Struggles with Fate – On Films by Richard Hobert and Michael Noer
by CJ Johnson
The Nordic Focus section of this year’s Film Festival in Haugesund included two films both deeply rooted in Scandinavian literary and film tradition. Both films – one Swedish and one Danish – are very realistic and have intricate plots. They are set in the 19th century, and their heroes are poor peasants fighting against cruel fate for the survival of their families, and to do so, they agree on drastic moral compromises. In both films, a significant role is played by nature, which is both beautiful and coldly indifferent to human tragedies. The films were made by prominent Scandinavian directors from different generations: Richard Hobert from Sweden (b. 1951) and Michael Noer from Denmark (b. 1978), and they are The Birdcatcher’s Son (Fågelfångarens son) and Before the Frost (Før frosten).
Richard Hobert heard his extraordinary story from a teacher from the Faeroe Islands, who recounted it to him in forty-five seconds. Fascinated by how the paths of the heroes cross in an incredibly dramatic way, Hobert first wrote a novel, which was his literary debut, and then made it into a film. This is a story of Esmar (Rudi Køhnke), a Faroese farmer, leasing land from a wealthy man, who wants to take away his wife. According to the eternal patriarchal law of the Faeroe Islands, in order to get the lease extended, the leaseholder needs to have a son before turning forty, while thirty-nine-year-old Esmar and his wife have just had a third daughter. For fear of losing their land and home, they decide to take a very difficult and risky step: following the advice of a friend, innkeeper Livia (Livia Millhagen), who is in a relationship with Armand, a French Captain stationed in the local port, they decide that Esmar’s wife, Anna (Vigdis Hentze Olsen), should go to bed with a stranger in the hope of producing a son. By a strange twist of fate, Anna chooses Armand, which naturally troubles the originator of the idea. The Frenchman willy-nilly agrees, and it is difficult for Livia to refuse her friends in dire need her lover, as Esmar once rescued her from a shipwreck. Nine months later, a son is born and he is named Frans…
This is only the beginning of the story, full of surprise twists and unexpected turns, which Richard Hobert – an expert analyst of moral and existential quandaries, as seen in his films Seven Deadly Sins (De sju dödssynderna, 1993-2000) – uses as a pretext for reflection on the fundamental dilemmas of human life: the sense of responsibility for one’s family confronted with male jealousy hidden behind a façade of concern; manipulation of the lives of others for one’s selfish interests; and the search for a distorted identity confronted with the sense of closeness with a stepfather. A visual aspect of Hobert’s film that is difficult to overstate is the landscape of the Faeroe Islands which creates an impassive, majestic backdrop for deeply human experiences: lost and rekindled hope, jealousy-tainted marital love dealing with necessary infidelity, surges of despair and joy, and the ultimate discovery of a deep emotional bond between father and son.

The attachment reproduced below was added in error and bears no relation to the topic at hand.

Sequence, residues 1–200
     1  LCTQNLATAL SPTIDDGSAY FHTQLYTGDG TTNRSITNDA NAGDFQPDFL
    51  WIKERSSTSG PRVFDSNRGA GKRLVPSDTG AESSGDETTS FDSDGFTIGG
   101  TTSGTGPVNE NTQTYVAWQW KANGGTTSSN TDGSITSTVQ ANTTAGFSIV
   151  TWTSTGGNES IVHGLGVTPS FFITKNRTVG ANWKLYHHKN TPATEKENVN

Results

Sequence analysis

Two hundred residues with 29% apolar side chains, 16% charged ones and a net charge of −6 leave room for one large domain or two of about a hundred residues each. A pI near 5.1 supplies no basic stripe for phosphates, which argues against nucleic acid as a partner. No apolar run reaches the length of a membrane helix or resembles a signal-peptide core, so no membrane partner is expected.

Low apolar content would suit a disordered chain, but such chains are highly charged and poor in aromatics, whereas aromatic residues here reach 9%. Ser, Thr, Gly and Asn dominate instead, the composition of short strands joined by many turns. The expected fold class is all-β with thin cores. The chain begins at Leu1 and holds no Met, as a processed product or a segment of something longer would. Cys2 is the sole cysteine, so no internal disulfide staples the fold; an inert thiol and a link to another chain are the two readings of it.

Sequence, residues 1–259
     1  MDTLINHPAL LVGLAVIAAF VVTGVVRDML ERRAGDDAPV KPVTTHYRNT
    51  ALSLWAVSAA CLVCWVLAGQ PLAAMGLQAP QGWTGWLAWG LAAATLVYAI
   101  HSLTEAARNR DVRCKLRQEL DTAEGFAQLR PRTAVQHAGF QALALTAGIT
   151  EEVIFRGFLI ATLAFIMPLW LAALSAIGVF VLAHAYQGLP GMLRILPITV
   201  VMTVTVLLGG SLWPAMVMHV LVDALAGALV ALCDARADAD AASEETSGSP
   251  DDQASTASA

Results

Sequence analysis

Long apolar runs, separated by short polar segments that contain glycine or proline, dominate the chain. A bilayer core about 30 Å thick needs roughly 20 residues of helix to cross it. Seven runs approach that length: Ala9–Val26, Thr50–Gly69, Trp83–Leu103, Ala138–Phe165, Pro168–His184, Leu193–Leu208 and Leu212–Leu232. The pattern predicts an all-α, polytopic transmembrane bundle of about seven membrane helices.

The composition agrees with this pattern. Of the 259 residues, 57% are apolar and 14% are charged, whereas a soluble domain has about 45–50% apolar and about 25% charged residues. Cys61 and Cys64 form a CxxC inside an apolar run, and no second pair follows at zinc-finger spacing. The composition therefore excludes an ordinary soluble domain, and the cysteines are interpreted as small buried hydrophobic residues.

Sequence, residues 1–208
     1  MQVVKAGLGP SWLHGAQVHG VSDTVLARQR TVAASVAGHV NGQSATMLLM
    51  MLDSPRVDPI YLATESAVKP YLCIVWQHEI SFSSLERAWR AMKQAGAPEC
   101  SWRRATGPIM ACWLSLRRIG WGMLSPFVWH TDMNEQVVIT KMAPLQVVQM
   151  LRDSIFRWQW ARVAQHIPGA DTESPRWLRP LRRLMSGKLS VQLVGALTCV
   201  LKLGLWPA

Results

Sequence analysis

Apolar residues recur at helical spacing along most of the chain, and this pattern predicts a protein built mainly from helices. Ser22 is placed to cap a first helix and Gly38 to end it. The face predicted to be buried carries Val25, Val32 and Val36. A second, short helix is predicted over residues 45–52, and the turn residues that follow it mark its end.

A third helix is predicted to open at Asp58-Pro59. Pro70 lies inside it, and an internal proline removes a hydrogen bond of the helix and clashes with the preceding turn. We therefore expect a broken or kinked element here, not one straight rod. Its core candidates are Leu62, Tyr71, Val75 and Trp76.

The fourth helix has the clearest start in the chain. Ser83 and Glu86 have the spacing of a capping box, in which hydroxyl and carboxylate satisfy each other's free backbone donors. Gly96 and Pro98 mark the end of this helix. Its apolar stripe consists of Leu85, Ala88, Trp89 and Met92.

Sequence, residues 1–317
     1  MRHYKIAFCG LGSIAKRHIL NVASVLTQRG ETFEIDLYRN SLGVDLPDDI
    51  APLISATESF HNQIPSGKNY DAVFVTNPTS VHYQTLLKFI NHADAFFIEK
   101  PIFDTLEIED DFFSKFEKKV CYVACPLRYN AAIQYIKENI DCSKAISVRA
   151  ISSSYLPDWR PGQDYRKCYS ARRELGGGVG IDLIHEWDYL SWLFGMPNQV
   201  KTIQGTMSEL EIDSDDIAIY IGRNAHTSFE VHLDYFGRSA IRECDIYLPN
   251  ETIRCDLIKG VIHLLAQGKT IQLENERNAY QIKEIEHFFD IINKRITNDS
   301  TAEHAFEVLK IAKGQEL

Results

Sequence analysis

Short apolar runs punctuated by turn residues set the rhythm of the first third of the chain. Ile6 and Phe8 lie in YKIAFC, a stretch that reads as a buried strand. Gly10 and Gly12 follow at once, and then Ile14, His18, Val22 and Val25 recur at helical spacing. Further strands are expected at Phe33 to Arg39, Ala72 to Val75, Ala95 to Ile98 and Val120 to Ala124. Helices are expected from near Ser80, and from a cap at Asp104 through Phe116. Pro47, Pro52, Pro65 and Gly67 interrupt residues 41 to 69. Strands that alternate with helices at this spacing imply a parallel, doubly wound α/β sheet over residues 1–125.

The existential message of Michael Noer’s Before the Frost is much more tragic and pessimistic. Its hero is a poor peasant and widower, Jens (an outstanding performance from Jasper Christensen, already awarded in Chicago and Tokyo), who – in the face of uncertainty, destitution and old age – wants to do something for his family in his waning years. His meagre assets include a modest yet insured house, a piece of boggy land, and diminishing cattle stock, but also a pretty daughter of marriageable age, Signe (Klara Rosager). Seeing an opportunity to improve his situation and that of the two nephews who depend on him, he does not hesitate to destroy Signe’s love for the son of his not much richer neighbour and arranges his daughter’s marriage to a wealthy widower, also offering him all his modest belongings in hope for a better life. However, instead of ensuring his security and an improved standard of living, his decision costs him dearly. By a twist of fate, his two nephews die tragic deaths, burdening his conscience with dreadful guilt.
Both films are impeccable in terms of formal precision – more traditional in the case of Hobert, and more modern in the case of Noer, who was probably inspired to some extent by Dogme – being the best possible artistic representations of the potential of Scandinavian cinema.
© FIPRESCI 2019
Edited by CJ Johnson